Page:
Other than Belvin’s tobacco office, the tenants tended to be engaged in foods or medicines. Knapp’s Extract Company manufactured concentrated root beer syrup; and the Pre-Digested Food Co. made and sold Paskola, a “pre-digested starch food.” An article in The New York Times on February 10, 1894 remarked, “Comparatively few people outside the highest medical circles know of this wonderful discovery, but it is known to possess the qualities of flesh-forming, strength-imparting, life-giving power which has never been known before in the history of the world.”
The firm quoted an anonymous doctor “situated in one of the best parts of Fifth Avenue,” as saying “This wonderful preparation is taken during the meals just as it is put up… It requires no digesting when it enters the stomach. In this way Paskola imparts strength to the weak, and makes thin, fragile persons plump and robust.”
In 1902 Mother Siegel’s Syrup Co. moved in. Incorporated in December 1901, the firm was connected with the A. J. White Company, Ltd. in London. In listing the officers of the firm in 1904, the American Newspaper Publishers’ Association’s Bulletin noted, “All connected with the above are people of high standing.”
The sales offices of Worcester Salt Company were in the building by 1908. Its salt works were located at Silver Springs, New York, and that year it produced 500,000 barrels of salt. An advertisement in Chicago’s Dairy Produce in 1911 boasted, “It takes the best to make the best.”
The salt firm’s choice of location made perfect sense; for by now the area was filling with the city’s egg and butter firms. Another advertisement promised dairy merchants “The quickness with which Worcester dissolves protects you against mottled butter and then, too, the peculiarly clean, sweet flavor of Worcester Salt is a decided factor in making it the choice of all buttermakers.”
By 1910 Manley & James, manufacturers of proprietary medicines and preparations had joined Worcester Salt, Mother Seigel’s Syrup, and Knapp Extract in the building. They would all still be here at least through 1912. But in 1915, No. 168 had an especially unlikely tenant—electrical engineer and manufacturer of wireless apparatus William Dubilier.
Dubilier was sent to France in 1915 to help the British and French Governments develop submarine detectors. “They had already succeeded in detecting a submarine’s approach at a distance of five miles, but were bothered by other sounds under water.” Dublier and another scientist were successful in filtering out the sounds of large vessels. By the time he returned to New York, “we were able to detect the presence of a submarine fifty miles away,” he told reporters.
William Dubilier came home to work at No. 168 Duane Street on another project. “He has returned to make a wireless apparatus with a low aerial for use in the trenches,” reported The New York Times on October 2, 1915.
Following the war, the building was filled with a variety of dairy and food firms—Ficken, Ullman & Co., butter dealers; dairy agents H. W. Bender Co., who represented firms like the MacLaren Imperial Cheese Co. of Detroit; A. J. White Ltd, patent medications; and Carvalho Cap & Closure Co., manufacturers of bottle caps were all here in 1918.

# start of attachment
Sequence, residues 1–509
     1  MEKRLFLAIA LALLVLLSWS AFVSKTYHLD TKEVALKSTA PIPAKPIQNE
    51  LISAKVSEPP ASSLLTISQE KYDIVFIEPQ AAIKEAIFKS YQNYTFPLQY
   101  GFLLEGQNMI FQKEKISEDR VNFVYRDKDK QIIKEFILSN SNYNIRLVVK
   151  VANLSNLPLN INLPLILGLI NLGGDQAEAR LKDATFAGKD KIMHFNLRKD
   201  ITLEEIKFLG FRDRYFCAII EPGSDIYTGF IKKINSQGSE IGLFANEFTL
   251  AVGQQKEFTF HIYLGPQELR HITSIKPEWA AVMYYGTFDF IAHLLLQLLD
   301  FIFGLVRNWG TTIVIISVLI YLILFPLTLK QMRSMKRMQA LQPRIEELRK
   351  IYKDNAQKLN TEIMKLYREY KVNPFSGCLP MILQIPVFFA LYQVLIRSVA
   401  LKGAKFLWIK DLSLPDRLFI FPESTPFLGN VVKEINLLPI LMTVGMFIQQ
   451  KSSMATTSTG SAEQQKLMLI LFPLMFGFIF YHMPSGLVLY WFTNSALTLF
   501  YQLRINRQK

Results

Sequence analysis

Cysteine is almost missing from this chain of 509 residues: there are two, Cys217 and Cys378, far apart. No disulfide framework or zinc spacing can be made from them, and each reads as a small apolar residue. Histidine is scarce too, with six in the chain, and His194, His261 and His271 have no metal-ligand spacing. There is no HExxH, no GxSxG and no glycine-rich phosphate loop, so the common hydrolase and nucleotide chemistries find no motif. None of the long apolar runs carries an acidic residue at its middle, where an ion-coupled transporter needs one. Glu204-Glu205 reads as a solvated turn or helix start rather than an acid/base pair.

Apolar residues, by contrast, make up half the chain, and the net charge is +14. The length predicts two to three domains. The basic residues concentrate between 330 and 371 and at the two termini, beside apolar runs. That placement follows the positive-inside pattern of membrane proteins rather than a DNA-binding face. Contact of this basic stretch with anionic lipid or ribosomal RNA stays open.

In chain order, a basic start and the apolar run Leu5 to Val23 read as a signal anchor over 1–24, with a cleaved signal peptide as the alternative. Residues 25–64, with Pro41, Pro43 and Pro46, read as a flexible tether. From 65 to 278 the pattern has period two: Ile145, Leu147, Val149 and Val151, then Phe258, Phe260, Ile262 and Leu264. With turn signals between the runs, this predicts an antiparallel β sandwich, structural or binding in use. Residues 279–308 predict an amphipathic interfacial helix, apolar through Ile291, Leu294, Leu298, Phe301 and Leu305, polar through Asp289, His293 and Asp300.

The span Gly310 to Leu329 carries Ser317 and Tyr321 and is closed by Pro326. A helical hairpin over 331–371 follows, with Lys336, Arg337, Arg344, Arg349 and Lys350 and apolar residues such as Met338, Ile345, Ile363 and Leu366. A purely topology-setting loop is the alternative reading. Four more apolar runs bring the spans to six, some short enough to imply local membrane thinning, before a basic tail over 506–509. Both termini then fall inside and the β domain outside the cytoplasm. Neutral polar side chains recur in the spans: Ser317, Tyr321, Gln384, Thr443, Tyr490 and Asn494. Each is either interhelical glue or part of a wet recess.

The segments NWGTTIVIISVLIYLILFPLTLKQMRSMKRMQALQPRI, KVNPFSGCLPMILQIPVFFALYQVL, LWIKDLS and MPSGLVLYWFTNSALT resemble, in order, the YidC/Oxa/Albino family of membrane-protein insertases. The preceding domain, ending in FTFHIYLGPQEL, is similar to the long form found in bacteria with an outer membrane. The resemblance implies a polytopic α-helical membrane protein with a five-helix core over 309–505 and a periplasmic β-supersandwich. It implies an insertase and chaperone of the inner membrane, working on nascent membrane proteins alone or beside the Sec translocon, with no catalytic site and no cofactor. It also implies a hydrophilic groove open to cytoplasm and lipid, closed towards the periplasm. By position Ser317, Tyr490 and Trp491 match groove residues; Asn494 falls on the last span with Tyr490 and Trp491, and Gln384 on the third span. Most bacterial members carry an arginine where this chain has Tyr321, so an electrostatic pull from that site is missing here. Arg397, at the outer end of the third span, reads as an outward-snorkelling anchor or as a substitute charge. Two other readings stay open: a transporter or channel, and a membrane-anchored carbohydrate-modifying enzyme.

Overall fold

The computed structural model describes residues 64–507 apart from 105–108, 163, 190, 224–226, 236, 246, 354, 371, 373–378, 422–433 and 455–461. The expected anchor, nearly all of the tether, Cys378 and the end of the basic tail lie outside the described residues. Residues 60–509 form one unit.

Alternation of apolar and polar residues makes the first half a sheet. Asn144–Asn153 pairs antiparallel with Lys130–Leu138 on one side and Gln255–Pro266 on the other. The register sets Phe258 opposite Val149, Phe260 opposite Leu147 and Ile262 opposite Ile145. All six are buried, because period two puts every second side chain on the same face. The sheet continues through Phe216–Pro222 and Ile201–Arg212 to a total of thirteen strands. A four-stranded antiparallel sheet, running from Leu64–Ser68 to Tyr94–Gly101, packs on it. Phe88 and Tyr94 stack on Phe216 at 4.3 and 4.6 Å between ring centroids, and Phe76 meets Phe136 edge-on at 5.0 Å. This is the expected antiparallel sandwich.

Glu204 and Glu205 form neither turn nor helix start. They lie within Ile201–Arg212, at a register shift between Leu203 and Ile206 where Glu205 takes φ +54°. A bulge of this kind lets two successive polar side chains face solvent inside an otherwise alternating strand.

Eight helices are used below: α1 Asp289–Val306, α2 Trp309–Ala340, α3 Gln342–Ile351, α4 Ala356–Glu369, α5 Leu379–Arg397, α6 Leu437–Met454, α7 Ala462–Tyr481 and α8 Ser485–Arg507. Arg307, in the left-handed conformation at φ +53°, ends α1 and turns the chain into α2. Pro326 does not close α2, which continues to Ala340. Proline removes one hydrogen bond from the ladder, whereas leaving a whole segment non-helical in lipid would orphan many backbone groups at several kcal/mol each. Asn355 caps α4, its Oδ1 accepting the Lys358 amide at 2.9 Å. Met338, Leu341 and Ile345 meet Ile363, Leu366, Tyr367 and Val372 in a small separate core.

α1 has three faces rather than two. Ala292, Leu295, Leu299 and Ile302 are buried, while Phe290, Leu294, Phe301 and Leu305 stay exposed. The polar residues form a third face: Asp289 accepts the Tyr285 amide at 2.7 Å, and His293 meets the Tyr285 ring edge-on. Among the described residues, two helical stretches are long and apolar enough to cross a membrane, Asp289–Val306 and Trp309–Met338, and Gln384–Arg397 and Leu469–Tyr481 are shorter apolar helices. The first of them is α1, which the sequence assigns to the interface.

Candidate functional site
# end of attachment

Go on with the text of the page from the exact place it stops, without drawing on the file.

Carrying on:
The Pharmacal Advance was published from No. 168 Duane Street by 1920. Called “A Journal devoted to Progressive Pharmacy and Practical Therapeutics,” it printed articles on issues like Chinese medicine, wound dressings, preventing goiters, and ringworm. It also liberally advertised for other tenants of the building; suggesting that it was a joint publication.
In May 1920 the second through fourth floors were vacant—the rent for each advertised at $7,500 per year. But they did not remain vacant for long. Juan A. Babcock, wholesale butter and eggs merchant moved in that month. The building was now filled with butter and egg dealers; Ficken, Ullman & Co. was still here, having changed its name to Ficken, Coffin & Co. in 1919.
In the early 1930s Carl Ahlers, Inc. a “poultry, butter and egg concern,” moved in. In the fall of 1945 the Ahlers business and, indeed, the cherished tradition of thousands of Americans was in jeopardy. A push was made by the International Brotherhood of Teamsters and Chauffeurs in mid-November to unionize the employees of Carl Ahlers, Inc.
When things did not progress as the union demanded, it picketed the Delaware, Lackawanna & Western Railroad pier at Cortlandt Street. Shipments into and out of the facility ground to a halt. A week later it appeared that more than 10,000 turkeys would not make it to the first Thanksgiving dinners since the end of World War II.
At the eleventh hour the union caved. Arthur Dorf, secretary-treasurer of Local 202 told reporters, “We are lifting the picket lines for the sake of the public so they may enjoy the first real Thanksgiving in years.” But he added a veiled threat. “We will return soon, stronger and better than ever.”
Carl Ahlers, Inc. remained in the building until the early 1970s. By now the Tribeca neighborhood was changing from the egg and butter district to one of trendy restaurants and high-end residences.
In May 1987, Meile Rockefeller, the great granddaughter of John D. Rockefeller, Jr., announced that her conversion of No. 168 Duane Street to upscale condominiums was nearly complete. The 31-year old, who said, “from very early on I wanted to build,” created six units designed by John T. Fifield Associates, completed in 1989.
Stephen Decatur Hatch’s distinctive Flemish structure is as charming and eye-catching today as it was in 1887—a successful recycling of an architectural delight.
Photo credits from top: Daytonian Manhattan; Daytonian in Manhattan; Evening World; Pharmacal Advance.